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The World of Ice and Fire: The Official History of Westeros and The World of A Game of Thrones
George R.R. Martin, Linda Antonsson, Elio M. Garcia jr.
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Rainbow Rowell

Dreams of Gods & Monsters

Dreams of Gods & Monsters - Laini Taylor The imminent Arrival is here, and Earth could be caught up in a war of another universe, a war that for once mankind didn’t asked for. Akiva and Karou’s once shared dream of peace reemerges, but for peace to prevail they must unite chimaera and seraphim and let go of a past full of death and hatred.



You would think this was a love story (although we had a good share of heated glares between Akiva and Karou), but in all honesty, this is in fact a beautiful story about destiny and faith.

Dreams of Gods and Monsters is the grand conclusion that this series needed, but it’s not simply that. Laini Taylor surely thought that telling us how our protagonist’s relationship would conclude or if eternal enemies could in fact overcome their differences in order to confront a greater evil wasn’t enough, so she added so much more.

Right from chapter one, we encounter a new character: Eliza, a young woman who suffers of vivid night terrors, dreams of gods and terrible monsters.
Scarab, the queen of stelian seraphim will make a new inclusion too; she’ll be out hunting for the powerful magus whose magic could be perceived around the whole Eretz.
Both character’s chapters would be scatter along the book to add to the general thrilling sensation and mystery.

A lot of our old character will either add little bits to the plot, or add lots and display a significant development. Some will die, and some will live with the guilt that surviving carries. Ones will make you want to become a fictional character for the solely reason of being able to punch their ugly faces, and others will make you laugh.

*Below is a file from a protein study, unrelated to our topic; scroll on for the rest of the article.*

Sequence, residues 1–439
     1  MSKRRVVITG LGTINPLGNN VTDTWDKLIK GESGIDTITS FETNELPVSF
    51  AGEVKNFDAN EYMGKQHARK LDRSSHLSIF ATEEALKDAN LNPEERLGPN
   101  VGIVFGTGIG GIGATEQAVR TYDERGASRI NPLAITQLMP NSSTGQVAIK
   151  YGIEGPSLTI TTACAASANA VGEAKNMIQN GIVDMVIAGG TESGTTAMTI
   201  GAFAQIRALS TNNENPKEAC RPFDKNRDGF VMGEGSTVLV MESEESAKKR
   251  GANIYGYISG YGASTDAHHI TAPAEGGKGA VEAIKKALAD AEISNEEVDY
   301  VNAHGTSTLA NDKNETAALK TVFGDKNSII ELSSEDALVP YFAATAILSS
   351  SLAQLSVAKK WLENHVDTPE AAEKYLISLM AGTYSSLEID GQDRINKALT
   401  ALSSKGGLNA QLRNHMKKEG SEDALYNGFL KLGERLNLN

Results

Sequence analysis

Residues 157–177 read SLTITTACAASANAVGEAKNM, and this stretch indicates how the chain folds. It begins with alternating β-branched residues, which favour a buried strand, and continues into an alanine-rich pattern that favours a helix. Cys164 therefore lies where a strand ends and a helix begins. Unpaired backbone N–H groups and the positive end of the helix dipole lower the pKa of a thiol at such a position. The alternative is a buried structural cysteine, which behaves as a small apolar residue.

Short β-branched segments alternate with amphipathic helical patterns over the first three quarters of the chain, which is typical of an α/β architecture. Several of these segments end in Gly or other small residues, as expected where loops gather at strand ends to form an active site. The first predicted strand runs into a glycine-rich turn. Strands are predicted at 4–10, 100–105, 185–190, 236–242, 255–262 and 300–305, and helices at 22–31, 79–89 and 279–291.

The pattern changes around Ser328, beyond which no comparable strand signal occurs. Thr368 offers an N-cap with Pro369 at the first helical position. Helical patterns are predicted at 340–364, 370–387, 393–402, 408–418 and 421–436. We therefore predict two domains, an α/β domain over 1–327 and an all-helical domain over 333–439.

But how a story which main aspect is war could be fun? Taylor’s magic! She’s been able to write a dark and terrible story, lightened with cutesy and humor (as always brought by Mik and Zuze) and entirely focused on sending one positive message: “Cake as a way of life”.
Mmm, maybe that wasn’t the message. Let’s try again: “Hope makes its own magic”.

The explanation of magic is explored a little deeper, not yet reaching a full development. In many fantasies magic is a mysterious force that just works and exists, and this one is not the exception. A particular aspect of magic called telestethia was quite interesting, something similar to telepathy that gives the possibility of projecting feelings or memories to other person's brain.

The plot evolves in a good pace to the zenith of the story, but that will just be the starting point for Taylor’s stitching up every little thread she previously set in an unexpected and awesome finale. The ending is left purpously open, but instead of giving the story a sense of lack of closure, it in fact enfouces the story with more realism.
“It was not a happy ending, but a happy middle - at last, after so many fraught beginnings. Their story would be long. Much would be written of them, some of it in verse, some sung, and some in plain prose, in volumes to be penned for the archives of cities not yet built.”


Side note: La traducción al español es espectacular. No me digan que Advenimiento no suena mejor que Arrival!